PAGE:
Senate intel committee takes up NSA reform amid privacy protests


By Josh Peterson |

Competing visions over the future of the National Security Agency will be heard by a top Senate committee Thursday amid coordinated anti-surveillance protests expected to play out online.

LEAVE ME ALONE: Concerns about domestic surveillance programs resulted in continued debate over the fate the National Security Agency.

Senior officials from the intelligence community, privacy advocates and tech company executives are scheduled to appear before the Senate Intelligence Committee, led by one of the NSA’s staunchest supporters, Chairman Dianne Feinstein, D-Calif.

The Senate will examine the role of the NSA in light of a House reform bill passed in May that both agency critics and supporters found disappointing for not doing enough to limit the agency’s electronic surveillance abilities.

What kind of reform the Senate will agree to before November’s midterm elections remains to be seen. The battles over the capabilities of intelligence agencies and electronic privacy are two facets of a larger and more complex debate over the role of the federal government in the smartphone age.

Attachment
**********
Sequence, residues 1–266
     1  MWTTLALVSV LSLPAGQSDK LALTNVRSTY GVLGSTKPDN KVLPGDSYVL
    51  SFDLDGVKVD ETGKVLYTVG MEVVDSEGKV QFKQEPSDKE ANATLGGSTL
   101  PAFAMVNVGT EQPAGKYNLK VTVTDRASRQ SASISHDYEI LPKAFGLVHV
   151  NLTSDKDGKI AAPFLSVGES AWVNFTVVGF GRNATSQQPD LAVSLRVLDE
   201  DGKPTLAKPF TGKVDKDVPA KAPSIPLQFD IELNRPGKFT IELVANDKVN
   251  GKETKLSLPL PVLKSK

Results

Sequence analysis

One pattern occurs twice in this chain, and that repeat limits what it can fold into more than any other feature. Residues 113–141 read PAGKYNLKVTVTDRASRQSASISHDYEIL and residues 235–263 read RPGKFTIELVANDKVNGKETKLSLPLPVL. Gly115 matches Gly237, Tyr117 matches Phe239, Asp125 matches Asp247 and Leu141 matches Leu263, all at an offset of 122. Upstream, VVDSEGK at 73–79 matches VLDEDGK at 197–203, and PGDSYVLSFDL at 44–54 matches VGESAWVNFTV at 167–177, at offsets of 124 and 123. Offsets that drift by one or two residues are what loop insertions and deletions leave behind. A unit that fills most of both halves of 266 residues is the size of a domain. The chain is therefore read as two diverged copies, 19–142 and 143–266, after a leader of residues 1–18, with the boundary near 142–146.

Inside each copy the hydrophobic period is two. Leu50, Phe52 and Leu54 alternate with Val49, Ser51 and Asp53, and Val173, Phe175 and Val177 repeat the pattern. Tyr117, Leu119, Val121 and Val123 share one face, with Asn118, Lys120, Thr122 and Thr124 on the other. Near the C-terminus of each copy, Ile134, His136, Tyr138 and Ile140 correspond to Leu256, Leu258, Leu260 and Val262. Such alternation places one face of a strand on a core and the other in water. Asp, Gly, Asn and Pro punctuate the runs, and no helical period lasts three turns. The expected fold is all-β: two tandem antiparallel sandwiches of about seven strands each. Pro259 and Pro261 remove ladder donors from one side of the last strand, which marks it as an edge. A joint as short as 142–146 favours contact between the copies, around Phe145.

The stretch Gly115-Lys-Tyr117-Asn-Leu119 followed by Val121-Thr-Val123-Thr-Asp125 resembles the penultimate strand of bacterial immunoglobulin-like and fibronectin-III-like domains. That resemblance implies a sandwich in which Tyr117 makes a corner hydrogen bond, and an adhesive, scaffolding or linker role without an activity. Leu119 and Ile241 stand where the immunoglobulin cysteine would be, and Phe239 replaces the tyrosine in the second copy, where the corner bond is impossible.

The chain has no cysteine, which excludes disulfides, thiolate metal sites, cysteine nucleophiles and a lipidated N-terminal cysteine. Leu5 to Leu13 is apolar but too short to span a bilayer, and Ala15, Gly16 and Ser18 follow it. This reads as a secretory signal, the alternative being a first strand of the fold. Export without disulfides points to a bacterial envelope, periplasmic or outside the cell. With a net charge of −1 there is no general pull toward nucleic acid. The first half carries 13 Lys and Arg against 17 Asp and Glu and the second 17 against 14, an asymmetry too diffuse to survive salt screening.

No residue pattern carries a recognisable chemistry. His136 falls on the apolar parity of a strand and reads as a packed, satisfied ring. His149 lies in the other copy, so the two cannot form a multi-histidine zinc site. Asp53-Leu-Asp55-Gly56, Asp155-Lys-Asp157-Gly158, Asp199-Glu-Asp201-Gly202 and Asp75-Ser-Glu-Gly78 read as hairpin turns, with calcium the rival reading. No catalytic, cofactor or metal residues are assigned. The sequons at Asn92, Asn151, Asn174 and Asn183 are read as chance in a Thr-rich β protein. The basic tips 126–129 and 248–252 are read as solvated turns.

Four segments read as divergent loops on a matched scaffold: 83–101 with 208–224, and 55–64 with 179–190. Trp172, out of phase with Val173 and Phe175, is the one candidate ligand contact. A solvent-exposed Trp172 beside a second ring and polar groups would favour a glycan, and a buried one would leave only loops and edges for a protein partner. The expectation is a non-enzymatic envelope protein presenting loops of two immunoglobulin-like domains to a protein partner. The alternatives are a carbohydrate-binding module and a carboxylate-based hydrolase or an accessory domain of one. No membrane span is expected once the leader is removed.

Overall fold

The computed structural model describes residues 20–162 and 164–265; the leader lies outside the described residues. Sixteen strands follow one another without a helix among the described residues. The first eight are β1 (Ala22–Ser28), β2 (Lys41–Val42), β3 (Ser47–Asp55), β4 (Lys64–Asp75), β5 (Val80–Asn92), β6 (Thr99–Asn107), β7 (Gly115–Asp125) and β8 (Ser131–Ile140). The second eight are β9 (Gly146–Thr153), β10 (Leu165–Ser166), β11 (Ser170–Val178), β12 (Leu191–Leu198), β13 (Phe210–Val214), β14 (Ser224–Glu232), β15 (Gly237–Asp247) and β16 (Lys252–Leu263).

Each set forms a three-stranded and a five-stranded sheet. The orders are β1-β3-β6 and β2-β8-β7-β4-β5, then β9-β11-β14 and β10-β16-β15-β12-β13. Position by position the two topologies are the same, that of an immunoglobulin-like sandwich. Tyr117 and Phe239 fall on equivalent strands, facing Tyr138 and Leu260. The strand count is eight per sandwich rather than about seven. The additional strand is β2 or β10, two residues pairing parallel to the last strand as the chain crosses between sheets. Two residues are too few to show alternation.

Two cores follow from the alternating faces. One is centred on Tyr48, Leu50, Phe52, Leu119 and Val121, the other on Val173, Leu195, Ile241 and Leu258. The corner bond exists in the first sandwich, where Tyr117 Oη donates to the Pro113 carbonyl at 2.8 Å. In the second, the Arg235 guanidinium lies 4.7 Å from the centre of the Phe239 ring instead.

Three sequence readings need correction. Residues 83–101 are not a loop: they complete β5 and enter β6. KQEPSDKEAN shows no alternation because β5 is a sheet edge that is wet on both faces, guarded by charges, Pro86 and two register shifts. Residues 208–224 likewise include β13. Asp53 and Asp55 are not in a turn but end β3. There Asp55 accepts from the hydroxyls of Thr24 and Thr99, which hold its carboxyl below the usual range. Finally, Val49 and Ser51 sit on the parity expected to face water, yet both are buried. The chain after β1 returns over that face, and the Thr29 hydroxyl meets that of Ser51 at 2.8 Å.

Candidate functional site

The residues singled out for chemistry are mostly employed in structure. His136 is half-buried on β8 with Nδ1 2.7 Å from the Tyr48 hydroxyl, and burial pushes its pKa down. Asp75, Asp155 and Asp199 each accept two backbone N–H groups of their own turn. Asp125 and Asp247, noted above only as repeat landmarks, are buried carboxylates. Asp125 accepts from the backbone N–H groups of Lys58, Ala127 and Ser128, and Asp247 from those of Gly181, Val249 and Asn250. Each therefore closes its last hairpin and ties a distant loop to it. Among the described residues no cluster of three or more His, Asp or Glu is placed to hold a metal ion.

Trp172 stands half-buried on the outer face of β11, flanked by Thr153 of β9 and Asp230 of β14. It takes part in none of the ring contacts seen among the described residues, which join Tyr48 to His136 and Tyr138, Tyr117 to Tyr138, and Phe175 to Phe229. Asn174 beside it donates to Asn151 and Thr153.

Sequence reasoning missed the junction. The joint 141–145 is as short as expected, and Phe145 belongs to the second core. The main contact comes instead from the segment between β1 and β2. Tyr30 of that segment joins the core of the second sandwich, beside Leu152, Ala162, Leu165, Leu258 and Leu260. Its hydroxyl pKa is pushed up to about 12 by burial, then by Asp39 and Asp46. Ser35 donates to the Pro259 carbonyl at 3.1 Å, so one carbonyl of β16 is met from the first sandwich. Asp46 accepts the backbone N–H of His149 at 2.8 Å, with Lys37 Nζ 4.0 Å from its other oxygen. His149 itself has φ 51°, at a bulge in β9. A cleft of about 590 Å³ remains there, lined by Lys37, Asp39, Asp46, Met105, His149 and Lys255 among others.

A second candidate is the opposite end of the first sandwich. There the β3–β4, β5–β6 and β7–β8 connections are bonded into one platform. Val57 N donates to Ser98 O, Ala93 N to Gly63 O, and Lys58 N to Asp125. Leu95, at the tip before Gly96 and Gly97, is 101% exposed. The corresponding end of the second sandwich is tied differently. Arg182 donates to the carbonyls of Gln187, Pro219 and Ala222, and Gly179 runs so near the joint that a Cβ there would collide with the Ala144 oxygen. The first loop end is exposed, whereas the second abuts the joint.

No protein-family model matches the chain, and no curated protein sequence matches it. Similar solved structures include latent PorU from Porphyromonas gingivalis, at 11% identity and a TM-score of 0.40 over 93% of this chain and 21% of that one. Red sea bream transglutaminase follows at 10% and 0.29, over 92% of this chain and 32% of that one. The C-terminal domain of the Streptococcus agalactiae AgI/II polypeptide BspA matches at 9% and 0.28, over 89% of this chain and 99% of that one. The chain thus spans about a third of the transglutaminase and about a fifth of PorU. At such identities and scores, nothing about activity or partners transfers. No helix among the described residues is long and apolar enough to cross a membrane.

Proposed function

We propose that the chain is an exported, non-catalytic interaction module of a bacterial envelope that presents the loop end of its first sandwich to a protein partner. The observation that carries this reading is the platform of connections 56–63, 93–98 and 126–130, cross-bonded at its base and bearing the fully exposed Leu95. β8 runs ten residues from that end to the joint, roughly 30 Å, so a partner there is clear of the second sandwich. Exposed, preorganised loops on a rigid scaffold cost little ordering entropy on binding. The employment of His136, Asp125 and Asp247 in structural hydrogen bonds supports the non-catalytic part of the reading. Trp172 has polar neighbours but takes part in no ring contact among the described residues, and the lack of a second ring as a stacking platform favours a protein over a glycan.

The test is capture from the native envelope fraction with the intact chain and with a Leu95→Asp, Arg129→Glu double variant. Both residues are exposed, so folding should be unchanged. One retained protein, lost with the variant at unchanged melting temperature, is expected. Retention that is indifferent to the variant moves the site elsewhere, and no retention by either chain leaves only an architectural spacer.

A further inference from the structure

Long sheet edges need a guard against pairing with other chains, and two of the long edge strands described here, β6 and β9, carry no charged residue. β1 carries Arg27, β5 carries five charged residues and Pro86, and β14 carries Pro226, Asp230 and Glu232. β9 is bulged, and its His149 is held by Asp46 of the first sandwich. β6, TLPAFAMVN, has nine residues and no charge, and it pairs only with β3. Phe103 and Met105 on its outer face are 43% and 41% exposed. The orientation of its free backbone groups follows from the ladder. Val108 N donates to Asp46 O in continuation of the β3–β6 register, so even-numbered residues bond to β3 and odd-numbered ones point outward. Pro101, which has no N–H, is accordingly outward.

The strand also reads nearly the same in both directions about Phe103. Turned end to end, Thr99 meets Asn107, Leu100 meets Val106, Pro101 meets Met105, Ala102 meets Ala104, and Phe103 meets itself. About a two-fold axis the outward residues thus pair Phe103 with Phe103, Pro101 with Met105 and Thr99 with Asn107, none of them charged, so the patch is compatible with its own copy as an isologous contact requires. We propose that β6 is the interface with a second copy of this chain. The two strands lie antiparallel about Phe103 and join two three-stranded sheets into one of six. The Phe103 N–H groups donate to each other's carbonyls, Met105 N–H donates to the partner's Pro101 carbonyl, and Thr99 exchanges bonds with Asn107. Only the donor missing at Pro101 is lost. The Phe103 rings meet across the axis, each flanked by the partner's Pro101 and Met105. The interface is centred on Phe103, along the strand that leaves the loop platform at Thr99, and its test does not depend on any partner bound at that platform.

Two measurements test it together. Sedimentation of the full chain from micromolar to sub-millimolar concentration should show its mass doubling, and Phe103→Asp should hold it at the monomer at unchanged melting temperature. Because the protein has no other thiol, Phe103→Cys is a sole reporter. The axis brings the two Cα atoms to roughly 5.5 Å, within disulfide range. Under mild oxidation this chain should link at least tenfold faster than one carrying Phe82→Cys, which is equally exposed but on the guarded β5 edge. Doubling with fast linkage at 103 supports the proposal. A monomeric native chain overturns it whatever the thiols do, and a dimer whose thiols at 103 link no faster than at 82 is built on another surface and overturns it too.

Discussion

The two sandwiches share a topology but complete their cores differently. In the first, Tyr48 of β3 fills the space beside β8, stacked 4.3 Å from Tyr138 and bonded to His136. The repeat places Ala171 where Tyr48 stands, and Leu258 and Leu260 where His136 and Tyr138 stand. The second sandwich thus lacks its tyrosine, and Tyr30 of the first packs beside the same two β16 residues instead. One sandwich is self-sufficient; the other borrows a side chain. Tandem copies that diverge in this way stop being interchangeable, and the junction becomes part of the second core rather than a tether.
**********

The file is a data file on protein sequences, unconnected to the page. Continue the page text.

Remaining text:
As The Hill reported Wednesday, a possible jurisdictional fight awaits Feinstein’s committee and the Senate Judiciary Committee, where privacy advocates hope to find a more sympathetic ear in Chairman Patrick Leahy, D-Vt.

NSA Director Admiral Michael Rogers, the agency’s new spymaster, held court Tuesday at a cybersecurity event in Washington, D.C., hoping to build public trust in the organization.

Addressing allegations in a recent New York Times report the agency was collecting facial images online, Rogers said that while he disagreed with former NSA contractor Edward Snowden’s decision to leak nearly 2 million classified agency files, from which the report based its findings, he didn’t think Snowden was a foreign spy.

A coalition of privacy activists is encouraging Web and mobile developers to promote the use of privacy tools in a Thursday event called Reset the Net.

That day is also the one-year anniversary of the first leak The Guardian published from Snowden’s cache.

“We have the technology, and adopting encryption is the first effective step that everyone can take to end mass surveillance,” said Snowden in a statement published on the event website. “That’s why I am excited for Reset the Net — it will mark the moment when we turn political expression into practical action, and protect ourselves on a large scale.”

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